After a few days, we could image comet C/2017 E4 Lovejoy again, now clearly disrupting and fading. The object is no longer showing an evident condensation and it will be interesting to follow it for the next nights.
The image above comes from the average of eleven, 60-seconds exposures, unfiltered, remotely taken with the 16″-f/3.75 Tenagra III (“Pearl”) robotic unit part of Tenagra Observatories in Arizona. The telescope tracked the apparent motion of the comet. The imaging camera is based on the KAF-16801 CCD, used in 2×2 binning. The resulting image scale is 2.4″/pixel. The comet was very low above the horizon, at about 8 degrees, after the beginning of the morning twilight. Despite this, the dusty tail is apparent for more than half a degree. Of course, this is only a lower limit, because of the extreme observing conditions.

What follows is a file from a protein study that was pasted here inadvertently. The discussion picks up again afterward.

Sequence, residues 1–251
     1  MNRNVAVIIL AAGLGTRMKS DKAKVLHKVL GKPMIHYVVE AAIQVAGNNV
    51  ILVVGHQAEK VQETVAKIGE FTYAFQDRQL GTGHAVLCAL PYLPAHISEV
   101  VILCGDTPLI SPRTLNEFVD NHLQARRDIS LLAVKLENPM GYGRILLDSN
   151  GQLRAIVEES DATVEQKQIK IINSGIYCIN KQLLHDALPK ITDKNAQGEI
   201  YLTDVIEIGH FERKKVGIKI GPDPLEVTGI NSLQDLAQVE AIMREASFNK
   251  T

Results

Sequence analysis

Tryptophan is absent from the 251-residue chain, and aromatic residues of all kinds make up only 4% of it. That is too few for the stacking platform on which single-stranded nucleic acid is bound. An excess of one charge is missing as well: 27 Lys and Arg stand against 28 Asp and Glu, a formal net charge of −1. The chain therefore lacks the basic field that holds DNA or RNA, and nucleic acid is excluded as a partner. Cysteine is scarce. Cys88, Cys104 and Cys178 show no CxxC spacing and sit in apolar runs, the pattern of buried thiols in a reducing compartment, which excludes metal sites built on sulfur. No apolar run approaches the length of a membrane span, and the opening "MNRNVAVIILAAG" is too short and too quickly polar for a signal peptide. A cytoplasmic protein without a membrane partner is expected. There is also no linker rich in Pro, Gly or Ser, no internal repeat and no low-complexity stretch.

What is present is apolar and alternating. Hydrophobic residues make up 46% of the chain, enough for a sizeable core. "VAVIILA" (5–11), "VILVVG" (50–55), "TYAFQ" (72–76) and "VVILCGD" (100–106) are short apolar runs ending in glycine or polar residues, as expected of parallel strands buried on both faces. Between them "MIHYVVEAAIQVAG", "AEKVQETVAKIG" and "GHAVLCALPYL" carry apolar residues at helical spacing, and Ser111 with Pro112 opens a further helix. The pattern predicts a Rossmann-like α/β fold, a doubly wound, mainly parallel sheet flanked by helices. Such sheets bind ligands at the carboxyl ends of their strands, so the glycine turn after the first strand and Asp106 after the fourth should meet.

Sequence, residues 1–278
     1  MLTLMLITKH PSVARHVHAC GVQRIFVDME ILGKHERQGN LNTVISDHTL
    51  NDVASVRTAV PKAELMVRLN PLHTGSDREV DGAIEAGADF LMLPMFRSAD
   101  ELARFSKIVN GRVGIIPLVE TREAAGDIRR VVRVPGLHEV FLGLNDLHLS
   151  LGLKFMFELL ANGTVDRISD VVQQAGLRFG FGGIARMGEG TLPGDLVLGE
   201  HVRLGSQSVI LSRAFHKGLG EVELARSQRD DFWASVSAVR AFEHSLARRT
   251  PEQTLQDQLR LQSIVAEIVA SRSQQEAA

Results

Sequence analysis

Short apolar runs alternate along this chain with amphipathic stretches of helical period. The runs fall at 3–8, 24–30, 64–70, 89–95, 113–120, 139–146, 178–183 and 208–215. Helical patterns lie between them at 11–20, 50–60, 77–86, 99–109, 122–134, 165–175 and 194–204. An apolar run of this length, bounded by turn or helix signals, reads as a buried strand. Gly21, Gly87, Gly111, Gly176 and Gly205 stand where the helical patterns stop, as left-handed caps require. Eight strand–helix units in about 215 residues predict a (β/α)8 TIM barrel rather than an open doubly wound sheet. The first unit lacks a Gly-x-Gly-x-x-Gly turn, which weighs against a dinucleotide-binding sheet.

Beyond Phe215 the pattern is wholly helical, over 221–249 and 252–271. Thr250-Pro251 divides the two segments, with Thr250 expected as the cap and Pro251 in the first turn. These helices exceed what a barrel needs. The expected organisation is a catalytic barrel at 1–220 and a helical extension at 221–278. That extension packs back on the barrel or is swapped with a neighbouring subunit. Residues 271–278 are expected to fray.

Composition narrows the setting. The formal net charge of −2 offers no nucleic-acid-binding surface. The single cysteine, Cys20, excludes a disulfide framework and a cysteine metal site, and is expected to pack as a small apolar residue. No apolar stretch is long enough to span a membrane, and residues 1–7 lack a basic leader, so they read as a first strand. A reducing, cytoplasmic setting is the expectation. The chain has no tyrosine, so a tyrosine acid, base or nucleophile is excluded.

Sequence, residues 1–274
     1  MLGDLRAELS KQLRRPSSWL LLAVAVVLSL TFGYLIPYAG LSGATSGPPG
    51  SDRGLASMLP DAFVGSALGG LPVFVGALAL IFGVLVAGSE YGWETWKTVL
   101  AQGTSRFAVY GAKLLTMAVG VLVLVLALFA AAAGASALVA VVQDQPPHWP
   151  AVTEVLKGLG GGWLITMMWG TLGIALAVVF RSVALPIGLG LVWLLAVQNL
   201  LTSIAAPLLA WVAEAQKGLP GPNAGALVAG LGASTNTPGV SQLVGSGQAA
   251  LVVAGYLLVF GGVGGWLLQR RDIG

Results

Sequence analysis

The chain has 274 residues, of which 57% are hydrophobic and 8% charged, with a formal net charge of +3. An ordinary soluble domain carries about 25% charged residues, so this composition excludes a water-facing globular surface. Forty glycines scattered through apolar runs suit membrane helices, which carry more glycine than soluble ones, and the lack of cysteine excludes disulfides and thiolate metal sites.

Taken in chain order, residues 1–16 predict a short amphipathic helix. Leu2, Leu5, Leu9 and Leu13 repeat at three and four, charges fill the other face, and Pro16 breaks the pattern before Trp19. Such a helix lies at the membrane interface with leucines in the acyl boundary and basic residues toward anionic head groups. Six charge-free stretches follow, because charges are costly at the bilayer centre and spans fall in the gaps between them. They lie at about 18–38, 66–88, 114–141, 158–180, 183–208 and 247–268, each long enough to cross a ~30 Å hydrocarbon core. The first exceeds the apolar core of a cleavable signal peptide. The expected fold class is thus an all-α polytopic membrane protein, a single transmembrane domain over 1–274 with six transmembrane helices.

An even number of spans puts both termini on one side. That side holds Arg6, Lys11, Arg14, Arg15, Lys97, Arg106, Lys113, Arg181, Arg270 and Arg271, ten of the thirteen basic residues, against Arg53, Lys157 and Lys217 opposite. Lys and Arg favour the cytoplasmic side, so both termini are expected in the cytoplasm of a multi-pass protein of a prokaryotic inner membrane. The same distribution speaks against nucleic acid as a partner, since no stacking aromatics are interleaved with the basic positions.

The observatory hosting the telescope is placed at 1300 meters above the sea level, in the Sonoran desert, providing one of the best skies in the world. This image is the first one coming from a cooperation between the Virtual Telescope Project and Tenagra Observatories, Ltd., which will be announced soon.
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